Brain Waves: The essential conversation

Brain Waves: The essential conversation

Dan Robinson, Contributing Columnist

Last week our school experienced an inexplicable tragedy after a student took his own life — a tragedy Tulane has seen too many times. While I did not know Harris Elledge personally, his passing took me back to a place I have struggled to leave for a long time. Brain Waves was created after multiple suicides happened in the Tulane community last year. One in particular, Mary Travis, inspired me to become a Crisis Counselor, so that in the wake of future incidents I would not feel so helpless. It gave me the tools to safely and effectively respond to others’ pain. Following the loss of Harris, it is important to share information about both why suicide takes place and ways we can help prevent future incidents.

Suicide is the second leading cause of death among college students, taking over 1,100 lives annually, or about 3 a day. As suicides often happen in chains, rather than in isolated situations (particularly in age brackets 18-24), having a conversation about this now rather than later is imperative.

It is known that suicide has the potential to trigger people who have experienced anxiety, depression and suicidal ideation. For that reason, not addressing this issue quickly and directly can be incredibly dangerous. People who experience suicidal ideation are often afraid to talk about it to friends, families and providers out of fear of the reaction it may provoke. They believe they are the only ones having such disturbing imagery in their minds. But, in reality one in four college students will experience suicidal thoughts at some point over their college career; one in twelve will seriously contemplate the idea of suicide while at school. To put it simply, it is a lot more common than people tend to recognize.

To anyone who is currently experiencing suicidal ideation, I strongly encourage you to talk about it with a mental health professional, friends and family. Having a conversation can provide an enormous sense of relief and can help a provider find the correct treatment.

As a concerned friend, it should be clear that noticing the signs too late does not mean that you failed someone or that you are a bad person. The feelings associated with contemplating suicide are very complex and many people try to hide those feelings. You did not ‘let it happen’. It is also important to know that asking a person whether they are feeling suicidal will not trigger them into becoming suicidal. Let me say this again: if a person is not feeling suicidal, asking them will not make them suddenly develop these types of thoughts.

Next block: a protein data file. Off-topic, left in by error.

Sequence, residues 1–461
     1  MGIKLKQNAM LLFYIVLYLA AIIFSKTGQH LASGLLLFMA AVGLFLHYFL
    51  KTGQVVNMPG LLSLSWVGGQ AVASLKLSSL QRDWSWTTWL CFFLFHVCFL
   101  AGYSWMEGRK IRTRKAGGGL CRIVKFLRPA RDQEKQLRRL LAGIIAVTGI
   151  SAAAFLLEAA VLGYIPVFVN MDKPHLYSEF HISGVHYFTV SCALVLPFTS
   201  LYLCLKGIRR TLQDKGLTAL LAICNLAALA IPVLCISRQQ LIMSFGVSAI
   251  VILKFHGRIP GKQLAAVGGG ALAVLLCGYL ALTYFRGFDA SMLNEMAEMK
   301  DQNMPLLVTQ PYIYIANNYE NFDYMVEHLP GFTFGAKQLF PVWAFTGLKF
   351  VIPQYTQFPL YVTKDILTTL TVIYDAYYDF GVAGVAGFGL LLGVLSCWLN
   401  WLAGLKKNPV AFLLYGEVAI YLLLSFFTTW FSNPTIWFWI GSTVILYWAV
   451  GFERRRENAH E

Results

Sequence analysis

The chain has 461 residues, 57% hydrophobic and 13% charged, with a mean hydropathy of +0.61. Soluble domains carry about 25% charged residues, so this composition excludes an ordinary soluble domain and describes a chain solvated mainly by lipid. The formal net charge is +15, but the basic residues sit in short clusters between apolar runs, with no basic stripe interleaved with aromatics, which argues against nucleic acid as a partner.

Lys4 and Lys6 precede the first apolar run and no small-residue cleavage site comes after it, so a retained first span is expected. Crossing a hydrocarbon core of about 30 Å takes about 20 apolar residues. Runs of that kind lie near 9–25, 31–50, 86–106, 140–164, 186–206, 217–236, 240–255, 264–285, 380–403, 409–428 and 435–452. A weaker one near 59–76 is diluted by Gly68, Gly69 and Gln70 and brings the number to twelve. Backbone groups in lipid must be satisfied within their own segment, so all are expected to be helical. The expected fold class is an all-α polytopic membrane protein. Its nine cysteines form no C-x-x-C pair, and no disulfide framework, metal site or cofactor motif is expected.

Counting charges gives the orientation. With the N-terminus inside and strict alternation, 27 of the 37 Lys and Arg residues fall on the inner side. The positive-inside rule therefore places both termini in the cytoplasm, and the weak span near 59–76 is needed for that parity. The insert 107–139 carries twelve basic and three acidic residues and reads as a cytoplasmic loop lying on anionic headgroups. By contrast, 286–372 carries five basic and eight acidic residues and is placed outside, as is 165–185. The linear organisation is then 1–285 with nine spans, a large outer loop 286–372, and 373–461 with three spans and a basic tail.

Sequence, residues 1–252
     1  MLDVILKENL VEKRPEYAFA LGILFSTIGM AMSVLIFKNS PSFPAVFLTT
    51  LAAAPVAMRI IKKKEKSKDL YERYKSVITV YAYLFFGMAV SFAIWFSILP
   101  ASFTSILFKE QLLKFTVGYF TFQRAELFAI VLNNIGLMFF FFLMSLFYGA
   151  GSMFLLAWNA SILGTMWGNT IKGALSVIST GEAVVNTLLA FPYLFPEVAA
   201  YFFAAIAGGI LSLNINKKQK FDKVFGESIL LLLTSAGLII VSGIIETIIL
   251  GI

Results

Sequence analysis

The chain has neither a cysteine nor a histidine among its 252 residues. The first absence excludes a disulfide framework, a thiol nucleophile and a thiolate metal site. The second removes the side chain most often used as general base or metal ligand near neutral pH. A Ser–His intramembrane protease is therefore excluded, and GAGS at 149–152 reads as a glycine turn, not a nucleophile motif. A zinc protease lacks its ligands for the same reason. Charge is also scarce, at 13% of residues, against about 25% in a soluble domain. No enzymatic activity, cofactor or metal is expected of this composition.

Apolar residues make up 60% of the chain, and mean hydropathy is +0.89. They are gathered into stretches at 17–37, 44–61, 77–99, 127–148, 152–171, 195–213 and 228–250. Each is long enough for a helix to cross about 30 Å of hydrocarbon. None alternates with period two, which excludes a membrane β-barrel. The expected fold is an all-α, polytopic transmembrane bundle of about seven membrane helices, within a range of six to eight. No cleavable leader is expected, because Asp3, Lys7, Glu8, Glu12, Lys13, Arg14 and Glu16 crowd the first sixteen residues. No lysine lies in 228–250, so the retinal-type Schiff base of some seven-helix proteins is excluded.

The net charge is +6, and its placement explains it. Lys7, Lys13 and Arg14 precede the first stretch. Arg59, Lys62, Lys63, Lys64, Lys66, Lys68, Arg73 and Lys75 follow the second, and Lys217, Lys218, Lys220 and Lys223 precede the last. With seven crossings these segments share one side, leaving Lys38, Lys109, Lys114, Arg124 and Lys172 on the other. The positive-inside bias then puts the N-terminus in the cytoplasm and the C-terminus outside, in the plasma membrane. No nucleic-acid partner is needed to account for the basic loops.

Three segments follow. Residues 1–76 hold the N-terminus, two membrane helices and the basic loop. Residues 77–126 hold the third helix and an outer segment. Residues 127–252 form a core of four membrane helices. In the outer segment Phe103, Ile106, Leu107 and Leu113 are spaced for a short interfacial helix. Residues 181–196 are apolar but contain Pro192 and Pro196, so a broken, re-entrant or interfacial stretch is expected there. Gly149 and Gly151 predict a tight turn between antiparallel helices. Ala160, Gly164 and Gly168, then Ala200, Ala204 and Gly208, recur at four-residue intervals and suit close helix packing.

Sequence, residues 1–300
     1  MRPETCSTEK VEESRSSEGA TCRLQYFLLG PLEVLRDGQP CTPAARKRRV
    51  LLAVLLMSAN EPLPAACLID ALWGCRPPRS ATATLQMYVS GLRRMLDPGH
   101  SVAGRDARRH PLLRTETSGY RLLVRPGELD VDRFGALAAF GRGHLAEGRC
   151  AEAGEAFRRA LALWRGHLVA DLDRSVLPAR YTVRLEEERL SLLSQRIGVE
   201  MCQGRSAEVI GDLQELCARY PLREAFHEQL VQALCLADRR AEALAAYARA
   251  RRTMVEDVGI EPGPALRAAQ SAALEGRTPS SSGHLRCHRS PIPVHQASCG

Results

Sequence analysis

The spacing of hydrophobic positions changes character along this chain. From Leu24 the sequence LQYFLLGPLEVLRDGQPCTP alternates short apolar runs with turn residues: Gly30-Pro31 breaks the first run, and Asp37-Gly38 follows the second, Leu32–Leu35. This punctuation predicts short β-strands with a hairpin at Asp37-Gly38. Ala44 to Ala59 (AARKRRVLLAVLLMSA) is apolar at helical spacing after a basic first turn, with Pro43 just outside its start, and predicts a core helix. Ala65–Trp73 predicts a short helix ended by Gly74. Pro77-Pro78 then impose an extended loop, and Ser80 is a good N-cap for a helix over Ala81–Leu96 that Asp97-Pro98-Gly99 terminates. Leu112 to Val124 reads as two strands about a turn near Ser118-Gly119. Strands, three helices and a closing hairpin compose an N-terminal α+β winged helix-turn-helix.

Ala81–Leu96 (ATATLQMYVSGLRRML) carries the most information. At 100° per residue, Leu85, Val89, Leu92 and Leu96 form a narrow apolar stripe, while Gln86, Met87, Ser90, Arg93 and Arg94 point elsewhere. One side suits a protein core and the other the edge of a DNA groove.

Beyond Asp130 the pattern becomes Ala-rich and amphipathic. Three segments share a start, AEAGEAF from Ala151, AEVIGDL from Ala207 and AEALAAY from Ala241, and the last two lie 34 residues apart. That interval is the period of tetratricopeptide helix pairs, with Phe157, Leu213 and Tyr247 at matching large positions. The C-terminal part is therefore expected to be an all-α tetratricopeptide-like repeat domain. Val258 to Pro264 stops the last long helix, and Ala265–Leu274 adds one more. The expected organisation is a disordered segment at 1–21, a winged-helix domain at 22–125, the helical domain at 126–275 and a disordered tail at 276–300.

There is a manner to approaching this conversation. The suicide assessment risk, which follows, is used by professionals when dealing with potential victims. The first step is establishing that a person is in fact experiencing suicidal thoughts. If they answer yes, this is considered stage one. This does not necessarily indicate they are in danger but that they need to talk to someone. From this point, ask the person, “When you think of death or dying, what do you imagine?” If the person describes a particular means or mechanism of death, continue the assessment onto stage three, which is establishing that the person has both a plan and means to carry this plan out. Questions that are used to establish stage three may include, “How do you plan on dying? Do you currently have (item described) in your possession?”

If the person answers yes at this point, this is indicative of a more serious situation where intervention should be considered. Ask your friend whether they would feel comfortable giving you the items described above. In either circumstance, you should move onto stage four which is looking to establish a time-frame. “Do you plan on carrying out this plan in the next 24-48 hours? If so, what are some things we can do to keep you safe until then?”

If a person indicates that they are in fact in stage three or four, one should call the Tulane University Police Department immediately. The situation at this point is life threatening and must be addressed as soon as possible. If the person has not reached that critical point, I strongly encourage you to contact CAPS or file a concern report with student services. They will work to ensure that every student can find the help they need. Despite being a dear friend or romantic partner, you should never take on these situations alone. Finding professional help is the most selfless thing you can do to help a friend, even if they convey opposition to this. In the long run, your friend will understand this decision came out of love.

While this recent loss by suicide has taken me back to this dark place, it is something that is essential to talk about. These thoughts cannot physically harm you, but it can it make you realize how important it is to get help. If you feel a friend is experiencing suicidal ideation, ask them. You will not trigger them into experiencing these feelings, but it is often provides enormous relief for those who are suffering. We cannot control the tragedies of the world. But we can learn from others’ pain in order to find a better outcome for ourselves. Help is always out there.